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Lodi pastor to bombing suspect: I forgive you

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Posted: Wednesday, April 24, 2013 12:00 am

Dear Dzhokhar:

It has been a hard week. You hurt a lot of people in Boston and around the world. The injuries to both body and soul will last the lifetimes of the victims. I cannot begin to fathom what events transpired that provoked you to participate in such evil. Ultimately, it doesn't matter.

Almost every day in my prayers, I have asked God to "forgive my sins as I forgive those who have sinned against me." It will take me a long time to fully forgive you, but I do forgive you. There will be weeks that I will have to forgive you every day, but soon my forgiveness of you will become permanent. I can only imagine the frequency of forgiveness that will be given by those whom you hurt more directly.

While I don't understand what motivated the evil behind your attacks in Boston, I do understand what motivates such forgiveness. Love, the opposite of hate, gives forgiveness its power. Without love there can be no forgiveness. It is love, not hate, which overthrows oppression, binds the world into community, and forms civilizations which recognize the basic human rights and dignity of each individual.

Forgiveness is an act of strength, courage and triumph. Terrorism is an act of weakness, cowardice and failure. Terrorists are not heroes. Heroes give their lives to stop oppression and to protect the innocent. Terrorists kill the innocent to make a point. Heroes are motivated by love. Terrorists are motivated by hate.

Love is stronger than hate. This is why non-violent movements motivated by love often achieve their goals against oppression and hatred.

The U.S. Civil Rights Movement, led by Dr. Martin Luther King Jr., Cesar Chavez and others, the work of Ghandi leading to the independence of India, and the marches led by German Lutheran youth groups in opposition to the Berlin Wall are examples of the power of love and non-violence over oppression and hatred. Terrorist attacks have never won or done anything to advance their cause.

Love forms the foundation of all legitimate human religion. I am a Christian. Whenever I take time to consider the profound love and forgiveness given to me by my God I am strengthened to love. Usually, love is thought of as a matter of the heart. Love for family, one's spouse, a good friend are mysterious, powerful emotions. But love can also originate in the head.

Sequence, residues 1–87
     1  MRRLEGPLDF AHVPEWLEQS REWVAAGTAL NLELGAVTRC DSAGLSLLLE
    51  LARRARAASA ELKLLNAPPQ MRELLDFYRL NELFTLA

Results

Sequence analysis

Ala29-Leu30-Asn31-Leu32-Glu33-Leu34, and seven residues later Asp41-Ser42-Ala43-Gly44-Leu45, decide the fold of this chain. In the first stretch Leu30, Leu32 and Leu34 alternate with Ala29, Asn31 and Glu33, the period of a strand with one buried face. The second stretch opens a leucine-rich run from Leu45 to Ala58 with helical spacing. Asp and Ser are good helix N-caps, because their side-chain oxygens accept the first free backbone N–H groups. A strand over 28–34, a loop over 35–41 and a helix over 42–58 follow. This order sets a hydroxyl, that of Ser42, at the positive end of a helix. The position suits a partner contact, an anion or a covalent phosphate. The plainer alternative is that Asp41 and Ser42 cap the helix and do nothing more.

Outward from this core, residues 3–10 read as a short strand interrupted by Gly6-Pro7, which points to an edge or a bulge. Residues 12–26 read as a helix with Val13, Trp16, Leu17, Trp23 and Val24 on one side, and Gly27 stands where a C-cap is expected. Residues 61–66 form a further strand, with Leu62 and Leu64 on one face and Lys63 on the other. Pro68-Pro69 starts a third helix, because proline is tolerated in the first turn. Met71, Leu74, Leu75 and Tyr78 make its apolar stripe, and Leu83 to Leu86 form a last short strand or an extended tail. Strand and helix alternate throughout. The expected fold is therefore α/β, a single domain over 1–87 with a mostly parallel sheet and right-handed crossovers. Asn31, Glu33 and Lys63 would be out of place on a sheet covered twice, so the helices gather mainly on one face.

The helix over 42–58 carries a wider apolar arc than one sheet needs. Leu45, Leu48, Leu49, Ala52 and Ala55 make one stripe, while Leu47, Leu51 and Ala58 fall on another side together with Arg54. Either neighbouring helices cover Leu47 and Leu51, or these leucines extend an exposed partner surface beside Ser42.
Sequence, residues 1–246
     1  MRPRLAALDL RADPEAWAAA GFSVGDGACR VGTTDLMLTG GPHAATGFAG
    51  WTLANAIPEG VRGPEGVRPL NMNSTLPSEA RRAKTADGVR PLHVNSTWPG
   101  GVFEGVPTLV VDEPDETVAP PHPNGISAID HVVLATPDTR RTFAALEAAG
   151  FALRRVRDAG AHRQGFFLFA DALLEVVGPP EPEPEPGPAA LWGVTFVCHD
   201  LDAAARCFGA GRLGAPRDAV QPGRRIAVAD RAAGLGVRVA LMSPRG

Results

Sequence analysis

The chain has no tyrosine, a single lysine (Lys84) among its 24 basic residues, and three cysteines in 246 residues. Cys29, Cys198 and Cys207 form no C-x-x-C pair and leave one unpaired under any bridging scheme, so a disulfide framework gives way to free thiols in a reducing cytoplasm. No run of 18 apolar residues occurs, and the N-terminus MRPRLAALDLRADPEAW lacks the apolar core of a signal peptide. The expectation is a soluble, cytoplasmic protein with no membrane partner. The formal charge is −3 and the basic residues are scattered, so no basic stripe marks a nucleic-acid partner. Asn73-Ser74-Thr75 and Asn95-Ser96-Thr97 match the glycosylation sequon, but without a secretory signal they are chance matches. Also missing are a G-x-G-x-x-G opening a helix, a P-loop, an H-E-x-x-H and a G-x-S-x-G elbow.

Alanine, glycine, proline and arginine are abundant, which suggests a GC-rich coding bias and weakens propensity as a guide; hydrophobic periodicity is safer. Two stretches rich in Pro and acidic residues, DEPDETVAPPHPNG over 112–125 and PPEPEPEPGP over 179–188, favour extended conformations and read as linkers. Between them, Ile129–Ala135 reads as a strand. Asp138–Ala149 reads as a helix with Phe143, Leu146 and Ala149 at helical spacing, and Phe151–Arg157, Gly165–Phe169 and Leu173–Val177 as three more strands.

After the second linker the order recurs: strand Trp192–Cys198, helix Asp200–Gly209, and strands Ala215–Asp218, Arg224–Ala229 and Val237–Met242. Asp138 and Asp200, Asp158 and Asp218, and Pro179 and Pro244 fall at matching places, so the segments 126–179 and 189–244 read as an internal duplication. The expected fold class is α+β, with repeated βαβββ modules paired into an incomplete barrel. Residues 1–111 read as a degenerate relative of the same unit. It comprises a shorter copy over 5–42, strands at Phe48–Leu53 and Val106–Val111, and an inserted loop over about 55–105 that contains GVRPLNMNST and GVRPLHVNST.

Jesus said, "Love your enemies." When he said this, he wasn't speaking of a warm, fuzzy emotion. He was speaking of an unconditional love, one that is not based even on the condition of emotion. Love in this context means a willingness to care and provide for another regardless of our personal emotional state.

When religion gets twisted, love is replaced by hate. When this happens, it is no longer a religion but an ideology of evil.

Love can be a choice, and I am choosing to love you by forgiving you. My forgiveness of you is the triumph of love. As I forgive you, I am telling you and the world that your recent actions will have no power over my future.

In many ways, my forgiveness of you is a selfish act. My forgiving you is not based on any remorse, or sense of guilt or desire which you may have for forgiveness. My forgiveness of you does not mean that what you have done to me is OK. My forgiveness of you does not mean that I will forget what you have done. But by forgiving you, I am letting you know that I am moving forward with my life and that your actions will not govern how I live in the future.

You hurt me. You hurt the people of my nation, and you have hurt all of humanity. What you did was wrong, mean, hateful, dumb, spiteful, ignorant, cowardly, insane and evil. But I forgive you, because love is greater than the evil which you have perpetrated.

It doesn't matter if you want it or not. Love wins. I pray that you will learn this and then live a life of love. If you ever desire a conversation about that, please contact me.


The Rev. Mark Price

Senior Pastor, St. Paul Lutheran Church

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